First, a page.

The House of the Scorpion
The House of the Scorpion Theme of Isolation
Ever spent some time alone at home and been spooked by weird noises? Multiply that by a thousand, and you'll get what Matt goes through when he's imprisoned at age seven by the possibly deranged, crazy Rosa. But that sort of real, physical isolation isn't the only kind the The House of the Scorpion deals with. Matt experiences what we might compare to the isolation of going to a new school, walking into the cafeteria and not knowing anyone or having a place to sit. Except instead of being an average student, Matt's a clone. And instead of going to school, he's joining his drug lord clone-daddy's household, where he is promptly shunned by his various relations. Same thing, really. At any rate, Matt isn't the only character who suffers from loneliness. Tam Lin is far from his home and trapped in service to El Patrón. The Lost Boys have all lost their families. Even Tom is isolated by his status as an illegitimate child. The harsh world Matt experiences, both in Opium and in Aztlán, isolates a lot of people and traps them in bad situations. So the fact that characters like Matt manage to make connections and cobble together a family is pretty remarkable.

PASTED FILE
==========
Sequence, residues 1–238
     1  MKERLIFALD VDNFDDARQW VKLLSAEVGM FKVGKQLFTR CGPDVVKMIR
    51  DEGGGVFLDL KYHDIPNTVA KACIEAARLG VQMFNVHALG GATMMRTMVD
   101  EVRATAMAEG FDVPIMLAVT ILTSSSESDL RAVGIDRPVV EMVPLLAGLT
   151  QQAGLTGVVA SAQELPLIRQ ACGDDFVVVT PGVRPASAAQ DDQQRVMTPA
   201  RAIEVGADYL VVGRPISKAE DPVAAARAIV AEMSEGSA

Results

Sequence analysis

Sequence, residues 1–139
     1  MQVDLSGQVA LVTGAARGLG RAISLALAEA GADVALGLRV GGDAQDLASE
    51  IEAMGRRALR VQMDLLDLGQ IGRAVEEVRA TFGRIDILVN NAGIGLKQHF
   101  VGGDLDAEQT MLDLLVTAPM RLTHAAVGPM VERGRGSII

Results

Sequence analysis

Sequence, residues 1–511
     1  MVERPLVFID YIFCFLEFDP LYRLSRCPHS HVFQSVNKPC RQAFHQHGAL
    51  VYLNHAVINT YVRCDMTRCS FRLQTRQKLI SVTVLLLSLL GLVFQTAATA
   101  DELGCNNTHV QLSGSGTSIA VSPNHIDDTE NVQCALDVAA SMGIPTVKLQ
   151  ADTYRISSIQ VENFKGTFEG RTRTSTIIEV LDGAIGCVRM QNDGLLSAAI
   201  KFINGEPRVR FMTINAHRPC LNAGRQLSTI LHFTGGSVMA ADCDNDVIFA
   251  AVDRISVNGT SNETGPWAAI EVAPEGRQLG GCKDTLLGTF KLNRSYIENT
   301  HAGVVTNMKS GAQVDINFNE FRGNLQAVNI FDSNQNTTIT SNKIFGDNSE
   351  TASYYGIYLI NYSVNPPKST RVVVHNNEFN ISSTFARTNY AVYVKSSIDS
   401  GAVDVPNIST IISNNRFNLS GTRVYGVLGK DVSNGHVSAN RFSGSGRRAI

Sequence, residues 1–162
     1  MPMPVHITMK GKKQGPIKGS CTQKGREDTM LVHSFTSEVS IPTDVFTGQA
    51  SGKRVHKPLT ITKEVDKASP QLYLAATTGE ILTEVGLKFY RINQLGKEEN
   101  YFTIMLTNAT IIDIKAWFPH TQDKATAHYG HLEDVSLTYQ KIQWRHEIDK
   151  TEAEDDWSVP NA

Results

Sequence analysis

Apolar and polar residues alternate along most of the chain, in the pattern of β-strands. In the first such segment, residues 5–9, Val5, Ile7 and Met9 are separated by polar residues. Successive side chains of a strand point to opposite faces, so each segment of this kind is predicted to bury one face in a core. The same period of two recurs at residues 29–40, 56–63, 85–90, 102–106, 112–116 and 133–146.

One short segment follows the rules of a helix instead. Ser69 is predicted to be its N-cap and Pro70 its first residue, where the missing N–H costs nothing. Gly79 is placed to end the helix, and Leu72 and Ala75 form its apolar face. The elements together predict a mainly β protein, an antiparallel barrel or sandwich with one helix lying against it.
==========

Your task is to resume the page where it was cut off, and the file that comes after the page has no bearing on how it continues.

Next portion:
Questions About Isolation
- How isolated do you think Celia is in her role as Matt's caretaker?
- Take a look at the opening passage of the novel. In what ways do the language and imagery help to give us a sense of the isolation we're headed for in the novel?
- Later in the novel, do we see any long-term effects from Matt's period in solitary confinement, when he's jailed by the evil Rosa?
- Who is the most isolated character in the novel? Matt? María? Tam Lin? Even Felicia, maybe? How so?
Chew on This
Matt is often depicted as a very isolated and even lonely character, which makes his eventual ascent to leadership fitting – it is lonely at the top, after all.
El Patrón has effectively isolated himself from any sort of meaningful human contact; though he's a very bad man, his life is quite sad.